Sonic Mania Review

Welcome back Sonic.

Sonic Mania(PS4, Xbox One, Nintendo Switch, PC)
Developer: Headcanon, PagodaWestGames
Publisher: Sega
Released: August 15th, 2017

Sonic the Hedgehog. A name that brings so many different memories and feelings for a great deal of us. You’ve got a massive collective who think his best years are far behind him, and some who believe he is doing just fine. There is a clear division amongst fans in recent years. Casual players have this thought about Sonic being ‘dead’ thanks to this fan divide, and SEGA has clearly been making strides to try and please everyone and just deliver a good Sonic title.

So they handed the keys to those fans. Sonic Mania is a game for fans of the series to show other fans just what Sonic can be. But it does not concern itself with trying to capture a familiar sense from the older generation, and it does that naturally. Sonic Mania improves on the classic Sonic formula and creates its own special essence of a game that honestly feels like a love letter with real heart, rather than just an attempt to recreate something that was done naturally.

Sonic Mania left all of us here in the office with a big dumb smile. Some of our co-workers had only ever played the Mega Drive games, one had played just Sonic 3, and one who’d only played the more modern ones like Sonic Adventure onwards. We all could agree, no matter what our personal opinions of Sonic were, that Sonic Mania is a darn good game.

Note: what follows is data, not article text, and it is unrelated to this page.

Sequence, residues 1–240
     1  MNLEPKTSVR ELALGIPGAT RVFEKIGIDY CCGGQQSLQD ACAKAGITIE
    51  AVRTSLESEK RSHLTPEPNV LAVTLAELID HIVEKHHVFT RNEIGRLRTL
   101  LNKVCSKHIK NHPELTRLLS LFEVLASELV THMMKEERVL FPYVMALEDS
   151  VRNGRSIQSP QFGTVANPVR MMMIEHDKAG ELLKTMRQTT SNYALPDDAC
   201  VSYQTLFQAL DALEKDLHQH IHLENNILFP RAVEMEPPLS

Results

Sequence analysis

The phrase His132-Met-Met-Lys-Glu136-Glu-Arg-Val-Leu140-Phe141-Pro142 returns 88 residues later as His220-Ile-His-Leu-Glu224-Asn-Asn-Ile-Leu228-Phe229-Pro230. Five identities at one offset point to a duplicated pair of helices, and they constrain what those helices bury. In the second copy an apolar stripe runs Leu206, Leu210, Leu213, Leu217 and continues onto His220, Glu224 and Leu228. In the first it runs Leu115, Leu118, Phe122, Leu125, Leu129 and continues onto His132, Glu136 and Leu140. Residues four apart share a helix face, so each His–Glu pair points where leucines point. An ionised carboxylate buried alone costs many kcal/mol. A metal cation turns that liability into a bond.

Sonic is back in action everyone.


Sonic Mania feels twitch perfect. Familiar enough for those who grew up with him in the Mega Drive days, and easy enough to grasp for anyone who hasn’t played his 2D outings, or *gasp* a Sonic game before. No really, controlling any of the three characters from the roster feels like a dream. Each one has their strengths of course. Sonic is the token speedster as he always is, Tails adds the flight mechanic to the equation, and Knuckles feels like a powerhouse combination of the two.

The game brings a few new additions to the field, which shows some new power ups, and new control mechanics. Such as being able to jump into the air and go straight into a spin dash, which you could be confused and think that would probably not work well, but it does so incredibly well. It feels fluid, as do all the other controls. The sense of speed is the same as the MD days with the dial turned up to 10. The momentum works well in the game, and the progression of a level feels like the perfect blend of speed and platforming.

In modern Sonic games, the gameplay often involves beating a level with your boost mechanic, and it often feels like the primary goal is just speed by as fast as possible. Whereas the Mega Drive games saw you take brief pauses for particular moments in the level or just some general platforming. Carnival Night zones infamous spinning barrel is a good example of this pause is speeding by a level to stop and engage in some platforming that lets you appreciate the level design.